“Reborn” museum charts three-year vision and growth plan

July 28, 2015   ·   0 Comments

By Brock Weir

Aurora’s Museum and Archives may have only been officially “reborn” little more than a month ago, but the fledgling new cultural institution is already finding its feet with a three-year vision for the future.

And, it’s a grand vision that aims to break out of the confines of the Aurora Room, an exhibition space in the southeast corner of the second floor of the Church Street School and potentially branch out into the wider community.

It is a vision that was given new life this month by Shawna White, the curator of the museum, who was appointed to the position last winter.

In her pitch to Council, Ms. White charted a vision that would include an additional 100 square feet of space next year in addition to their currently designated space of 2,672 square feet, and expanding by a further 3,050 square feet in 2017.

Currently staffed by one full-time position – Ms. White – and a six-hour-per-week part-time position, the vision includes a staff complement that grows in step with their expansion plans: an additional full-time and part-time addition in both 2016 and 2017.

“The rebirth of the Aurora Museum and Archives is an exciting time for culture and heritage within the Town,” said Ms. White, noting the transfer of the Aurora Collection, an inventory of thousands of items connected with Aurora’s heritage previously owned and curated by the Aurora Historical Society, to the Town of Aurora was a watershed moment for local culture. “It has provided tremendous opportunity to build a foundation for a dynamic and relevant institution in which to record, collect, preserve, interpret and exhibit our shared history.”

History, however, is not static and Ms. White wants to capture “history as it happens.” To do so, she has developed a plan focusing on three key areas: access, collections management, and conservation and outreach.

“The first key area of the plan is access with the goal to increase access to the collection,” she said. “This can be achieved through exhibitions, an online presence, research opportunities, and by looking beyond our walls.”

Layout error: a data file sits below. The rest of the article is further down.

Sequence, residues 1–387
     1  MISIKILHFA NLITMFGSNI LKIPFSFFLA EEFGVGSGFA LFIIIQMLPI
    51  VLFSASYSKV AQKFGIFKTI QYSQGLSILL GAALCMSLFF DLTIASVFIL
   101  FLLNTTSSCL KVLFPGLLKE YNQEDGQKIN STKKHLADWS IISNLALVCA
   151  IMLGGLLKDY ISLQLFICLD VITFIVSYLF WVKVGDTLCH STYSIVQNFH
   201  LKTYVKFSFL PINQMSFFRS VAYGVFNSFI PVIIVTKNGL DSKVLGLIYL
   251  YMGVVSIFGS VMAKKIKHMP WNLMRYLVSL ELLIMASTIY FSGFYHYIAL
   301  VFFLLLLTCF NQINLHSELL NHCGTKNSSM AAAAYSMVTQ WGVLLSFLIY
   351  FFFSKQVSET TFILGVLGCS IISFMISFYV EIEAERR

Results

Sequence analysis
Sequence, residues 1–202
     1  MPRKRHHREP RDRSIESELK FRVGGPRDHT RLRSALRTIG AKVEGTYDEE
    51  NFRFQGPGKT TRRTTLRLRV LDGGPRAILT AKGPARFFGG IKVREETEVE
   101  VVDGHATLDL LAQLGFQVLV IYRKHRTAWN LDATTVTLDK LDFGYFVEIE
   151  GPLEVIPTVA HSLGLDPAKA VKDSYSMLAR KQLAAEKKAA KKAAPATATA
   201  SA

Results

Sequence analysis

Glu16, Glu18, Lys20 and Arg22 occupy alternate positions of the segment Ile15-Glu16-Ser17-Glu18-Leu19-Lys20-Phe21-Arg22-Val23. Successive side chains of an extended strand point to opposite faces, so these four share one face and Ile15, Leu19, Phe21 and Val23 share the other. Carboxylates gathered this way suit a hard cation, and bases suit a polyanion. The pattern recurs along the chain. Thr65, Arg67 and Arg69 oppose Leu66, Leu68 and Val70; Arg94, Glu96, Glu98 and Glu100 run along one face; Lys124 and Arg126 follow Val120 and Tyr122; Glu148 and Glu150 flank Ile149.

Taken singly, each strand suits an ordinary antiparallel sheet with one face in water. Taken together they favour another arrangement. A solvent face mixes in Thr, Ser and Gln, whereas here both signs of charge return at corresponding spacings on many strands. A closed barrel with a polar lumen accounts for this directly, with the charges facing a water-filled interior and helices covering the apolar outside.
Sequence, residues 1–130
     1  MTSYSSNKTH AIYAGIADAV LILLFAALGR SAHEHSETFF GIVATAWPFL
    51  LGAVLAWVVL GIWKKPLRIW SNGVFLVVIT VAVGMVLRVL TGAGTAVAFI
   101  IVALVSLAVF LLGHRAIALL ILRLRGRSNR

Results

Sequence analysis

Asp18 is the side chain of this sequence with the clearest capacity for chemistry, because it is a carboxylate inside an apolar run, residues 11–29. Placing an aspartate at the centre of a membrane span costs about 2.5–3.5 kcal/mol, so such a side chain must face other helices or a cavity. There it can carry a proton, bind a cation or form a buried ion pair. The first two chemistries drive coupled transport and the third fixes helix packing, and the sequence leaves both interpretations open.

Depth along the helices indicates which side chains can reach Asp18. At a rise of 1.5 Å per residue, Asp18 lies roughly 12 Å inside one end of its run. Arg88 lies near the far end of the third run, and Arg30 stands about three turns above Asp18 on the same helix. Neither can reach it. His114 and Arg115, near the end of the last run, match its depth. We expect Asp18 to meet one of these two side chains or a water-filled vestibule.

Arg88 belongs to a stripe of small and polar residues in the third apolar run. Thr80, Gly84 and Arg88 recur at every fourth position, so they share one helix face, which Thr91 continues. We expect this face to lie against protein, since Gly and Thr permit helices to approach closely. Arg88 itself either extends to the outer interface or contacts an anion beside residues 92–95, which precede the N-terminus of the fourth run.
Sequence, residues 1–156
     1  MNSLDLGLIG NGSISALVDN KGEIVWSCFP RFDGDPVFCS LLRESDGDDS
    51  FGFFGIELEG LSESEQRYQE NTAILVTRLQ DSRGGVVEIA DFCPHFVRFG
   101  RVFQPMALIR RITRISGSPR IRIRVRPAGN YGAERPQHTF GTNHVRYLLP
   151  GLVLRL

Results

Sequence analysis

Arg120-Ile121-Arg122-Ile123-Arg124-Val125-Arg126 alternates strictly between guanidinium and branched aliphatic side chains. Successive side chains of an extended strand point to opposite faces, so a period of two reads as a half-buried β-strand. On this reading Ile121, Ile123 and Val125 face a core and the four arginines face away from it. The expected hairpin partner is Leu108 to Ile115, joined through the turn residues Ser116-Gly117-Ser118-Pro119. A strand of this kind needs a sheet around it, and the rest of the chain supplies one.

Once the existing Legacy of Sport exhibition is mothballed next March, the Museum hopes to be able to roll out three exhibitions per year by 2017 in the Aurora Room, and in other places around the municipality by 2018.

“By the spring of 2016, a three to five year exhibition plan will be in place,” she said. “An online presence is an important strategy as more people have the potential to be reached than would otherwise just come through the door. The museum also needs to connect with the youth through internship, co-op placements and volunteer opportunities. We want to connect with local residents in a deeper, more meaningful way.

“I would like to form a Friends of the Aurora collection volunteer organization to assist with fundraising the collection activities. I am particularly interested in working with individuals who may have ideas for an exhibition and may want to curate their own show. I am looking forward to meeting with individuals with knowledge and stories to share. My ultimate goal is to capture history as it happens and have that reflected in some way with the Aurora Collection.”

There are several hurdles that need to be cleared before that can happen, she noted. In addition to needing more staff and financial resources, it is paramount to have “unimpeded” access to the archives and research library, a schedule that is often contingent on schedules worked out with the Aurora Cultural Centre. Additional space will go towards making the Aurora Museum and Archives compliant with provincial standards. Right now, they have worked out one specific day where they have full access to the research library.

“To be compliant, collection and storage areas must be dedicated sole use spaces with access restricted to the curator or designate,” said Ms. White. “The basement storage area [currently in use at the Church Street School] cannot be shared with the Cultural Centre as it is now. Policies and procedures need to be written, storage and display environments need to be stable. The collection needs to be properly documented, staff need to be properly trained, budgets for staff training and development need to be allocated annually and an active volunteer program must be in place.”

In addition to storage facilities at the Church Street School, the Aurora Museum and Archives has since been allocated storage space at the old Aurora Armoury and, by next year, with proper resources and the plan in place, no artefacts will remain stored directly on the school’s basement floor.

“The final strategy in collection management is to assess the preventative and remedial conservation needs of the collection and to take appropriate action. Basic archival supplies have been purchased, including an assortment of archival boxes and containers. The storage areas are being carefully assessed at the moment and objects at risk are being rehoused in appropriate storage containers shelf by shelf.”



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